The War Symphonies: Shostakovich Against Stalin

A portrait of Dmitri Shostakovich by Larry Weinstein

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Netherland Radio Philharmonic Orchestra

Kirov Orchestra

Valery Gergiev — Conductor

Program notes

Join Shostakovich as he struggles against Stalin's tyranny and oppression in this stirring, award-winning documentary by Larry Weinstein. Shot on location in Moscow and St. Petersburg, the film brings together interviews, archival footage, and extracts from concerts to paint a vivid picture of the composer's life and career.

Shostakovich described his Symphonies No. 4 to 9 as his "tombstones for the victims of Stalin." He wrote these musical masterpieces during a period when he and his compatriots were sharing in a struggle to survive under a totalitarian regime, a time of mass killings and incredible suppression. Like many artists in his position, the composer used his music as a weapon, and Larry Weinstein's film is a testimony to its enduring power. Great performances of the symphonies led by Valery Gergiev are interwoven with interviews of the conductor, rare archival film material, and personal recollections from those close Shostakovich. Don't miss this winner of the International Emmy for Best Arts Documentary, Le Nombre d'Or Special Jury Prize, American Historical Association Best Film Award, Golden Prague Grand Prize for Excellence in Music Programming, and the Gemini Award for Best Performing Arts Program!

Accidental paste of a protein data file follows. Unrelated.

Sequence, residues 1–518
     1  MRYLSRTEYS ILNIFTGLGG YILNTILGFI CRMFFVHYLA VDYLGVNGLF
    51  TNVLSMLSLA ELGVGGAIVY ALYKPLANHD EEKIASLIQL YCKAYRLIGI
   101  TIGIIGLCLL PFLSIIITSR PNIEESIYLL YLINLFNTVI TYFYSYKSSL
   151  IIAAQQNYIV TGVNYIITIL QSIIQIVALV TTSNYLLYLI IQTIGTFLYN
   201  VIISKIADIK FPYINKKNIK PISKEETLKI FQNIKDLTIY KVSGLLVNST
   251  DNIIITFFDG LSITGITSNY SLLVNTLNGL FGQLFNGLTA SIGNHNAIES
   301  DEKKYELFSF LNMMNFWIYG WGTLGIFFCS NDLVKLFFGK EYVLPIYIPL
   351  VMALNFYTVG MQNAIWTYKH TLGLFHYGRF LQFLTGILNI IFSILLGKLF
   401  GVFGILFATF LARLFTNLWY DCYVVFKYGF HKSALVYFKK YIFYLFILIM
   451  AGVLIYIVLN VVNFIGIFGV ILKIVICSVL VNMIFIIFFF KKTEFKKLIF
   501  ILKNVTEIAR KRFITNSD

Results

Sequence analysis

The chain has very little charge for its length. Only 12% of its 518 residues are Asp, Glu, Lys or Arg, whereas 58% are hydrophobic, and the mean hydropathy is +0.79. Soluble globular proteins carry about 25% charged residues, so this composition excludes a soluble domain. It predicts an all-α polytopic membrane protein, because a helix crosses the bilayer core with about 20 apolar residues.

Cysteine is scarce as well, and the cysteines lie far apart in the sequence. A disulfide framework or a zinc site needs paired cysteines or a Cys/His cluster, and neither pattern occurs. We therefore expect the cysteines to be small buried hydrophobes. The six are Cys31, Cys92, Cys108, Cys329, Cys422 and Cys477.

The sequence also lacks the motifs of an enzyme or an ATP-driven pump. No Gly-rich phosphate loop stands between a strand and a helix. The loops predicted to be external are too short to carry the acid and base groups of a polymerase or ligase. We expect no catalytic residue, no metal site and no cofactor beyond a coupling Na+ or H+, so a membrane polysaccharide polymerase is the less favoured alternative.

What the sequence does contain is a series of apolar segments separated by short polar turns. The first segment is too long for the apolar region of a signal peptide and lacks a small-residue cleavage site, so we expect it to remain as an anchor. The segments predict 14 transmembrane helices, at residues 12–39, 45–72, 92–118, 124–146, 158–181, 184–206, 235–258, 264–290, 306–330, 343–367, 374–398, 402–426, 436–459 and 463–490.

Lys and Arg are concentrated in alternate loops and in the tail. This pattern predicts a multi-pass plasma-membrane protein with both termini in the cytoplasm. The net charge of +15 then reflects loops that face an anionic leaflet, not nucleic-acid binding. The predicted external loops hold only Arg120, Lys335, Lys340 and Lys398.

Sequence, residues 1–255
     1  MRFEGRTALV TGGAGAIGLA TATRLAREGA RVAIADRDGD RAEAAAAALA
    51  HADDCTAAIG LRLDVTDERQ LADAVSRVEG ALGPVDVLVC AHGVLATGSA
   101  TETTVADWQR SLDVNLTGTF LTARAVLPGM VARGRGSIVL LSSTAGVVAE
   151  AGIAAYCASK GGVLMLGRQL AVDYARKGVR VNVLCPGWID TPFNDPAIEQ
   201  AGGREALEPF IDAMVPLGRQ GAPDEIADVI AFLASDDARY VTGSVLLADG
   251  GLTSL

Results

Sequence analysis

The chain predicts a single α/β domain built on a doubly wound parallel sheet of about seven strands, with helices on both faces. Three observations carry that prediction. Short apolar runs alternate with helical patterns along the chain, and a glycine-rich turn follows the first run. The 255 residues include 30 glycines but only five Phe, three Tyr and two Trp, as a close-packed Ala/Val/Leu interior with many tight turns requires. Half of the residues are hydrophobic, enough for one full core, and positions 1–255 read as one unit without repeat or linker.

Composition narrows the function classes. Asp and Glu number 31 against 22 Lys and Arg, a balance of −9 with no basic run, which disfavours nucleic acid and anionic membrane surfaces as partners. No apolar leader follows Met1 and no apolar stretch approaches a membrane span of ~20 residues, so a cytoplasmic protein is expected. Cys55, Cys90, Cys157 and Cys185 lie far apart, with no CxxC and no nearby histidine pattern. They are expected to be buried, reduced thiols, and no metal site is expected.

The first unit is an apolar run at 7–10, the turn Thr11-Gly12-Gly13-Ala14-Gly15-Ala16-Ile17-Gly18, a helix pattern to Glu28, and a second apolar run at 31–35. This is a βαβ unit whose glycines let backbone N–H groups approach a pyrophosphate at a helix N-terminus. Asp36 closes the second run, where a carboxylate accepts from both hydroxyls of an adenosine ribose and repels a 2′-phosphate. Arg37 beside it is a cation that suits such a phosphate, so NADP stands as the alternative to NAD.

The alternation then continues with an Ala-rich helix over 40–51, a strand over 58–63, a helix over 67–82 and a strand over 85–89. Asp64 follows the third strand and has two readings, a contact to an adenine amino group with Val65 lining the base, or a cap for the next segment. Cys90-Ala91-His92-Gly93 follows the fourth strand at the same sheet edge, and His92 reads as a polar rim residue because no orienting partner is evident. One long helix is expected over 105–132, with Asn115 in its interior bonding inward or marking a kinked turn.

I wasn’t prepared for the reaction to the film, for when it screened at the Golden Prague Festival, attended by many who had lived in the former Soviet states, the response was overwhelming. Individuals that I had never met were sobbing, telling me that this was their story. As a filmmaker, one tries to feel the power of one’s own work in order to convey that feeling to others, but these people felt its apparent power far more than I (a middle-class Canadian) ever could. The film went on to become the subject of massive articles, of debate, of political rhetoric. Even the featured conductor of the film, whose idea it was to make the film in the first place, feared that it had become “too political”. But the power of the subject, of the grim history that it depicts and, above all, such commentary. What an honor to have been part of this process. What an honor to be even remotely connected to Dmitri Shostakovich. – Larry Weinstein

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